Some 42 boats in six classes competed in the 2007 Raja Muda, and the fleet couldn’t have been any more diverse. The showstopper in IRC Class 1 was Hong Kong billionaire Frank Pong’s Reichel/Pugh-designed 75ft-foot sled, Jelik (which, despite her long waterline and professional crew, was nipped for line-honours in Race 1 after falling into a big, windless hole, by the regatta’s defending champion, the Mills 51, Fortis Mandrake, co-owned and skippered by Fred Kinmonth and Nick Burns). The wild card in IRC 1 was held by veteran Aussie campaigner Ray Roberts aboard Quantum Racing, in a brand-new, Malaysian-builtd DK 46.

The IRC Class 2, the premier cruising division, was the domain of the fleet’s two regal entries, Dr. Ian Nicholson’s Dubois 80, Intrigue, and Hans Rahmann’s Judel/Vrolijk 70, Yasooda. On the other end of the IRC spectrum, Class 4 was not only the event’s largest division, it was also the most competitive, with boats like Bob Howison’s Elan 340, Aquavit IV, Keith Dunn’s Mount Gay 30, Lunchcutter II, and Gerry Firth’s Beneteau First 34.7, Endeavour of Whitby, all vying for top honours.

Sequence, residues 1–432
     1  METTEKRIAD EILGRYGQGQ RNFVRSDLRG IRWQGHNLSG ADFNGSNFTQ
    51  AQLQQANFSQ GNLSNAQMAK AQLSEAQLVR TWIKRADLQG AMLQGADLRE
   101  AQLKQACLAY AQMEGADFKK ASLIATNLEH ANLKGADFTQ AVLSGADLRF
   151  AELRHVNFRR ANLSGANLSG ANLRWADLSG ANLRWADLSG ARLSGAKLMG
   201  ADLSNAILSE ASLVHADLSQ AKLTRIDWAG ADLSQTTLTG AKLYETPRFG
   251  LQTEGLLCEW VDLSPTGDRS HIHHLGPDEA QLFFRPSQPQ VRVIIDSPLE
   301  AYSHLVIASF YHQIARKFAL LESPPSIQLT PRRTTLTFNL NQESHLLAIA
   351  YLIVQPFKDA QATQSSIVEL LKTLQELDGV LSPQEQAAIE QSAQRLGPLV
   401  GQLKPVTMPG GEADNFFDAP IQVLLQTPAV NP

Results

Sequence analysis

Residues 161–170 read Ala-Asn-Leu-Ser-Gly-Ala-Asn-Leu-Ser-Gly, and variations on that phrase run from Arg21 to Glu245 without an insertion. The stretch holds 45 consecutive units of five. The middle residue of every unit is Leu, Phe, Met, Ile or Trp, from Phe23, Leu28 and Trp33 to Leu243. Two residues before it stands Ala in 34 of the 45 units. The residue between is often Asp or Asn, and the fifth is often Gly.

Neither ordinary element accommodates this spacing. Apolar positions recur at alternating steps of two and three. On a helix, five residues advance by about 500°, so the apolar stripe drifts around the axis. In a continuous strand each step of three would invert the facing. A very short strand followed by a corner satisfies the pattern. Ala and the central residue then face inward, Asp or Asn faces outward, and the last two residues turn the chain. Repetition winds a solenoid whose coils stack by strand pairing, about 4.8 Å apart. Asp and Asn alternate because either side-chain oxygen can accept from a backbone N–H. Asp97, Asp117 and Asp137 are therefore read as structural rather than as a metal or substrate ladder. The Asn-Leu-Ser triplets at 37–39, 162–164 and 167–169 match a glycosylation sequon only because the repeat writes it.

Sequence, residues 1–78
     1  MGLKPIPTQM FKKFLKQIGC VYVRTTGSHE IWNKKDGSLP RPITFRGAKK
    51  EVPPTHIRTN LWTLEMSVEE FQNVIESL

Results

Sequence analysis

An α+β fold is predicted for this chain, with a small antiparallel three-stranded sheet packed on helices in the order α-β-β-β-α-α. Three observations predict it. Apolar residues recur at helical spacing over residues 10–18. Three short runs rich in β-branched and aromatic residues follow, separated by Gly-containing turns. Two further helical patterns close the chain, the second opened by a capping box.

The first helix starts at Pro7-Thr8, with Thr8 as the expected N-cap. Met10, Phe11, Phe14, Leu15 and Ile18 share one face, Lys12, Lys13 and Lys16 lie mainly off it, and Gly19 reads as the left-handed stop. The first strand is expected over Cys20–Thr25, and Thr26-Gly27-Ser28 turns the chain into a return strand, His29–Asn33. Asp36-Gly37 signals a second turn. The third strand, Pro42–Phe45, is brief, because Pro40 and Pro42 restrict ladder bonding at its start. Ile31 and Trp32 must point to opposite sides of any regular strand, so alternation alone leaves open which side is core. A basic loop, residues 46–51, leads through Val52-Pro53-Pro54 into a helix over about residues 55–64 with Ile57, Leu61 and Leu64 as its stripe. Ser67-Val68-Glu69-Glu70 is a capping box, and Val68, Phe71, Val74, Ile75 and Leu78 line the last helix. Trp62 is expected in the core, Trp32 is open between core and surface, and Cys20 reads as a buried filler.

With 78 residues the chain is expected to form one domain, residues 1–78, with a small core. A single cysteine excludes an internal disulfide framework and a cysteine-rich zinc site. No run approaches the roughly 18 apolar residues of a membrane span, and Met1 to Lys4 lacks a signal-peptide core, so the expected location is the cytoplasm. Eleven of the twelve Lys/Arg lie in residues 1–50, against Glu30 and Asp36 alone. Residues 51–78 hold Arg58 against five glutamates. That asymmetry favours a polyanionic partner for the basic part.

One of the unique aspects of the Raja Muda is that it’s a cruising rally as well as a hotly contested regatta. That was evident in the roster of boats signed up in Classes 5 and 6, where entrants were allowed to switch on their engines (the duration of which was reported to the race committee and factored into the scoring) to keep pace with the racing yachts when the going got light. These classes including flat-out cruisers like Jay Jarvis’s distinctive cat-ketch, Blue Jay, and Gavin Welman’s Hallberg Rassy 53, Rascal, as well as the fleet’s classic entries, including Royal Selangor Yacht Club commodore Richard Curtis’s gaffer, Eveline, and Simon Morris’s famed Sirius 1935, which holds the distinction of being the first Australian-flagged yacht to circumnavigate.

Along with the diversity of the field, the other interesting thing about the Raja Muda is its unique format, which blends passage racing with inshore, round-the-buoys contests. Happily, the offshore races become shorter in duration as the week commences, so after a day of recuperation and the requisite prize-giving dinner and party, it was time to reconvene on the starting line for Race 2, a 65-miler from Pangkor to Penang Island.